Wow! Thanks for sticking to your guns and keeping it clean. It is hard to find a good, clean, romance out there. I just discovered a new name. I will definitely be heading to the library today and see what of yours I can find.

blturner162 at yahoo dot com

Dr. Bill (William L.) Smith said...

Thanks for a great interview!

billsmith2003 (at) gmail (dot) com

Bill ;-)
http://drbillsbookbazaar.blogspot.com/
Author of "Back to the Homeplace"
http://thehomeplaceseries.blogspot.com/

Auria said...

I read the first book and I really enjoyed it, so I'd love to read this too!

kykas5@L2speed.net

couponmom said...

I loved the interview. I found it interesting that she doesn't use an outline for her writing. I can see her point though, I don't think I would be able to stick to an outline.
formycontests@gmail.com

Writers Shelf Life said...

Always enjoy "getting to know" authors. I LOVE this cover. It really draws you in and makes you want to read the book! Love the story idea. I look forward to reading it in the near future. It's on my list.
awesomemessages@sbcglobal.net

Todd, Katrina & Kyler said...

I love finding new authors and getting to know them. I love to read and this book sounds really good. I'm going to add it to my list.
kmorty42@yahoo.com

Jolynn_Reads said...

I read Loyalty's Web and I really liked it alot.
I didn't think I'd like the historical fiction type book, yet I really liked it! I'm glad I read Loyalty Web, and would really like to read this new book too!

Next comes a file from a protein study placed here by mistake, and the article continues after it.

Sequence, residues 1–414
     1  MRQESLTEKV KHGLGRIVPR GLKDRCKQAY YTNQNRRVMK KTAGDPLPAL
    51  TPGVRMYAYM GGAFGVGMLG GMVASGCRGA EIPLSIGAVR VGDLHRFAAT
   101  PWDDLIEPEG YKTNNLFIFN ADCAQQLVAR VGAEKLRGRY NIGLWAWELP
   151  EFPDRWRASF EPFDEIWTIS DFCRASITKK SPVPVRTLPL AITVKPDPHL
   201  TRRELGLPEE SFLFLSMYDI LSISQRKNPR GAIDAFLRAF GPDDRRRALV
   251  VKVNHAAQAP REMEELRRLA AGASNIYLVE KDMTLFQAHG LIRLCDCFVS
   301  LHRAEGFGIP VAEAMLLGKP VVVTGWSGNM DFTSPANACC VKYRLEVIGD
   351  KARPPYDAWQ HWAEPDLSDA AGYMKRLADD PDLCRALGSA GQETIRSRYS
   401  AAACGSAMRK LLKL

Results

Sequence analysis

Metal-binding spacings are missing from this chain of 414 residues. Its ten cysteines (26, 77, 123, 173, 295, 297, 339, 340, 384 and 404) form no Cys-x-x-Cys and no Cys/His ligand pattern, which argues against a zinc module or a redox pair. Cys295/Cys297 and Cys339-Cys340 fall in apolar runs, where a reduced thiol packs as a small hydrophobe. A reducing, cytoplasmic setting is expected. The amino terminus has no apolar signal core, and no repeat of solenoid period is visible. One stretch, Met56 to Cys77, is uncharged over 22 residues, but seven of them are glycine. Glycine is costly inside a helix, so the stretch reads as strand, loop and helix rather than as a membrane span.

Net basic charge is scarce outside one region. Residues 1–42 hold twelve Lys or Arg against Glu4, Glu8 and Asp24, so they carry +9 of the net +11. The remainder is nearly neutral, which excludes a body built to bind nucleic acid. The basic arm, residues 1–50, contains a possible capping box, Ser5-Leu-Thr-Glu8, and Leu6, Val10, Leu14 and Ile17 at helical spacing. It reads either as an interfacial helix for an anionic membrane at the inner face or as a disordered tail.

Jolynn_Reads@yahoo.com

Linda Weaver Clarke said...

Hello Dear Friends,
This was so much fun. In fact, so fun that I've decided to interview authors every month with a book give away. So far I've got one rounded up for every Monday of this month and next. Well, almost every Monday in May. There's one Monday where I don't have a Give Away since I'll be on Book Tour in Georgia. I think you'll have fun reading about new authors. Okay, who won the contest? Since my hubby went to work this morning, I had to do the honors. I cut all the little names out, put them in a bowl and then held it high above my head. Hey, that's pretty high for those who know me. I'm 5'10". So I held it high and picked a name out of the bowl. Congratulations Coupon Mom. Don't forget to check out my new interview that was posted yesterday.
Thanks, Everyone, for a fun contest!!!